Academic journal article Journal of Religion and Popular Culture

Adaptation: The Self-Proclaiming Rhetoric of Charlie Kaufman and of the Apostle Paul

Academic journal article Journal of Religion and Popular Culture

Adaptation: The Self-Proclaiming Rhetoric of Charlie Kaufman and of the Apostle Paul

Article excerpt

Matthew Anderson, Department of Theology

Concordia University, Montreal


In his screenplay Adaptation, Hollywood screenwriter Charlie Kaufman took the inventive step of writing himself by name into what would become a hit movie. By so doing, he escaped the virtual anonymity that characterizes even the most successful movie writers and ensured his name, his "branding", and the reception of his future writings. Yet the very nature of Kaufman's movies–Being John Malkovitch, Eternal Sunshine of the Spotless Mind, and Adaptation–show that as an author he is less concerned with realism or accurate autobiography than with narratives that sometimes blur the lines between fact and fiction. This paper argues that, for all its novelty, Kaufman's approach echoes the ancient rhetoric of Paul. Paul also literally "wrote himself into scripture" as the pre-eminent Apostle to the Gentiles, and despite his lack of official credentials, successfully styled himself as the main mortal character in his story– eventually, everyone's story–of how God was creating a new people among the Gentiles, a people who would become the Christian church.


"I have become all things to all people." (Paul: 1 Cor 9:22) [1]

"Who's gonna play me? I think I should play me." (John Laroche)

[1] Every retelling of a story is, by necessity, also an adaptation. Christians know this, and have a long and colourful history–right up to Mel Gibson's pious Passion–of adapting the basic message which gave rise to the church, the story (Mark calls it the Gospel or the good news) of the life and death of the Christian Messiah. This process of adaptation did and does not happen by chance. The very kerygma of the earliest Christians was biographical, but in a narrative still left manifestly "open" by the delay of the final act of Jesus' return. [2] Thus Paul could repeat what sounds like a fragment of very early teaching, and yet add his own twist, in perhaps the oldest preserved creedal statement in the New Testament: we "wait for [God's] Son from heaven, whom he raised from the dead–Jesus, who rescues us from the wrath that is coming (1 Thess 1:10)." Action, plot, character, denouement, climax–they are all there; personalized for the congregation in Thessalonica, and in its present context already tailored by the apostle to his and their pastoral needs.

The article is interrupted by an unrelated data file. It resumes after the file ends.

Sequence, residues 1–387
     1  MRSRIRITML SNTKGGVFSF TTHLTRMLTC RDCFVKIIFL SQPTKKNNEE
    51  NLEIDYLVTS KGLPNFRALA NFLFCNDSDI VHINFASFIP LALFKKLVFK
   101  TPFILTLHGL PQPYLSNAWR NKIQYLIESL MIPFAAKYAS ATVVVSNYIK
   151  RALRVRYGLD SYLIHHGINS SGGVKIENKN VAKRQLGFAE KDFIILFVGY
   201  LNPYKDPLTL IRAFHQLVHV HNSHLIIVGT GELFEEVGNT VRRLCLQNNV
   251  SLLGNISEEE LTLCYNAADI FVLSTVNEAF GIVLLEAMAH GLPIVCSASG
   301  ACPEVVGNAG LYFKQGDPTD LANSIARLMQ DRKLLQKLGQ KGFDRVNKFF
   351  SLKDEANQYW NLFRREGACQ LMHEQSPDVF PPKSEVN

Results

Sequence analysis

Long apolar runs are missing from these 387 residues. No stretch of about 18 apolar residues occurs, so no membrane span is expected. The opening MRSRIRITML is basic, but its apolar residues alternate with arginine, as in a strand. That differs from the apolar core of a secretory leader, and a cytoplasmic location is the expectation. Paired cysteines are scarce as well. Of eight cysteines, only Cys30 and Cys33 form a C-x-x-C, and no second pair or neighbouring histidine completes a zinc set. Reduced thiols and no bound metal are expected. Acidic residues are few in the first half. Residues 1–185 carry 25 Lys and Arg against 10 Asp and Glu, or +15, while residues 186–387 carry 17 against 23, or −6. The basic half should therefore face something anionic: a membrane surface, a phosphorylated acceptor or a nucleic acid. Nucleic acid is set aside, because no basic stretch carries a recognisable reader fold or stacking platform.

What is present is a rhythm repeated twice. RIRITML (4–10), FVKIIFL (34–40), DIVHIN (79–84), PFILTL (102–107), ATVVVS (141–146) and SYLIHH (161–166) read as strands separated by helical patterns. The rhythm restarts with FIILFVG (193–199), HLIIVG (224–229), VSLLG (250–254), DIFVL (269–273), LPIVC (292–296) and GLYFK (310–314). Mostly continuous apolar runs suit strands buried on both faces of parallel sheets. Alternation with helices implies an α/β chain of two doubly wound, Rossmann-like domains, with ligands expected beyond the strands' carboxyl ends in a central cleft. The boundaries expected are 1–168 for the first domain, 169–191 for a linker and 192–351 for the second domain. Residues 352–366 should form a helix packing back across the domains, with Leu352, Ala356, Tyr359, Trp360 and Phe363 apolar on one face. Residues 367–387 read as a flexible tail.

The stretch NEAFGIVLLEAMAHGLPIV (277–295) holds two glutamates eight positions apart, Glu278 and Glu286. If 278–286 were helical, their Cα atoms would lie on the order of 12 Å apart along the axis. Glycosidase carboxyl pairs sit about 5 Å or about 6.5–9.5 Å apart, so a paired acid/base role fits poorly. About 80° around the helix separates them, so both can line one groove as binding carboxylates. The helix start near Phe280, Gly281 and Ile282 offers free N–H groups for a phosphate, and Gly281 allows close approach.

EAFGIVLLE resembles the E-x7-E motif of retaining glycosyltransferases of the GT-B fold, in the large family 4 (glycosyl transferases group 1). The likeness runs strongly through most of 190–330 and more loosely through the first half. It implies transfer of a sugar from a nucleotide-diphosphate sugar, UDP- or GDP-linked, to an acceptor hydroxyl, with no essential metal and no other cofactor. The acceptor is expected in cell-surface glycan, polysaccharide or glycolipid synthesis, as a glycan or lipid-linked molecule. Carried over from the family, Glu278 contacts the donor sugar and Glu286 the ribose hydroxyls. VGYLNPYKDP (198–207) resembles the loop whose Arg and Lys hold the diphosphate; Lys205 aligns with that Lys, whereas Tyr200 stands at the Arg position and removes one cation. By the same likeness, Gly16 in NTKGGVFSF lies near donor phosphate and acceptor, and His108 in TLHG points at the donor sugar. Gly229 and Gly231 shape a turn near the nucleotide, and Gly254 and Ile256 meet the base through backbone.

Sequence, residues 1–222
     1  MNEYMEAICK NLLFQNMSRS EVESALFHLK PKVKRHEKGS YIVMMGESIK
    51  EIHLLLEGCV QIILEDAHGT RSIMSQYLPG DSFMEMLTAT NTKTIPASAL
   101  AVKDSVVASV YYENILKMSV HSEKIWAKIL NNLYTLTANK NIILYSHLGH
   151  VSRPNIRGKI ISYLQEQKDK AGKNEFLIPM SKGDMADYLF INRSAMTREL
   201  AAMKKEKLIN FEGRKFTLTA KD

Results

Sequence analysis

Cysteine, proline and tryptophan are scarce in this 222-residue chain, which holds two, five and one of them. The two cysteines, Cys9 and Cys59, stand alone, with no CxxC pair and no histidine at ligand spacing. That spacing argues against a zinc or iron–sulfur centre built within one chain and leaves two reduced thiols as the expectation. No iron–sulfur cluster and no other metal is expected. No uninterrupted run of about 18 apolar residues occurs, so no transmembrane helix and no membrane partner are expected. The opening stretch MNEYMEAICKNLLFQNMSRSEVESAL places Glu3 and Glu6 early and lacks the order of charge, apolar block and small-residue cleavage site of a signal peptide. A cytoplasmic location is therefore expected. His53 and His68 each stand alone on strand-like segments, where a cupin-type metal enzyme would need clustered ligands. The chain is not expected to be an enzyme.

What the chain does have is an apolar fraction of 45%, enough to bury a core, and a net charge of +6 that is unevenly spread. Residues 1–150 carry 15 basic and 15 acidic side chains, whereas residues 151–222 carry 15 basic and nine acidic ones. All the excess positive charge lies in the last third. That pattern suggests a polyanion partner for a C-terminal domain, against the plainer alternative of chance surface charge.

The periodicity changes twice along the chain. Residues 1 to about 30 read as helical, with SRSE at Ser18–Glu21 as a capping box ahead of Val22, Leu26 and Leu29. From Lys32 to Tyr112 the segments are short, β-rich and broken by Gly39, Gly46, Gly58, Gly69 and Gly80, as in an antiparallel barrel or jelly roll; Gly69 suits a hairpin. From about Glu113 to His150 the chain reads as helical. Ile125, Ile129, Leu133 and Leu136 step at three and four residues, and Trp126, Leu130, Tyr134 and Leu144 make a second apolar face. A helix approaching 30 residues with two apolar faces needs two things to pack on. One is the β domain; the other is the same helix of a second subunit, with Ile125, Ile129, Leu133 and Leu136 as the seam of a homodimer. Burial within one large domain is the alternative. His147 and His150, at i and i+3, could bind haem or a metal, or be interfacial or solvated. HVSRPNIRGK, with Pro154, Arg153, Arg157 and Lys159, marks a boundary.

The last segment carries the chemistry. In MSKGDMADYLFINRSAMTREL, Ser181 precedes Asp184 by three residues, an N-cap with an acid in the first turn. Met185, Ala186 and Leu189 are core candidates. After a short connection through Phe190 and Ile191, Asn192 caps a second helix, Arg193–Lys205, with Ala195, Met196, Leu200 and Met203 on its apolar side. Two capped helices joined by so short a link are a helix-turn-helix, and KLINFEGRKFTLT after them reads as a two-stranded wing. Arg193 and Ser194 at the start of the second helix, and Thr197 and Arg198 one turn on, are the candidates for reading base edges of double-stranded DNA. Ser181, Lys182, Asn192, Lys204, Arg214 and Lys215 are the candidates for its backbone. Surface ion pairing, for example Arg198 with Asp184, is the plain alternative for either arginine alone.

[2] In 2003, the screenwriter Charlie Kaufman (Being John Malkovitch, Eternal Sunshine of the Spotless Mind and Adaptation) was included in Premier Magazine's annual "Power 100" listing, the only writer to make the list. It was yet another sign of the success that Kaufman has had in the film industry of the first years of this century. His idiosyncratic films have captured public imagination and ensured commercial and critical success for those films identified with his name. Yet the very idea of a film being identified in the public mind with a particular script writer's name is a novelty. For most of Hollywood's brief history, screenplay writers–whatever their importance–have been "behind-the-scenes" figures, virtually anonymous. Kaufman has managed to ally himself with his writing in a new and unique way, and this most effectively in the movie Adaptation, where the film's protagonist shares the writer's name. In effect, Kaufman has adapted someone else's work–in this case, the book "The Orchard Thief" by Susan Orlean–by writing himself into his narrative. It succeeds as an adaptation and is at the same time a brilliant example of personal "branding."

[3] Kaufman's strategy unconsciously parallels the rhetorical practice of Paul, who also successfully "wrote himself into" his narrative. By means of a closer look at how each writer uses perceptions of their weaknesses, and includes himself selectively and rhetorically in the ongoing action of the respective narratives, this paper will show that Kaufman, like Paul, becomes inextricably bound to his story in a way that ensures both his and its success. …

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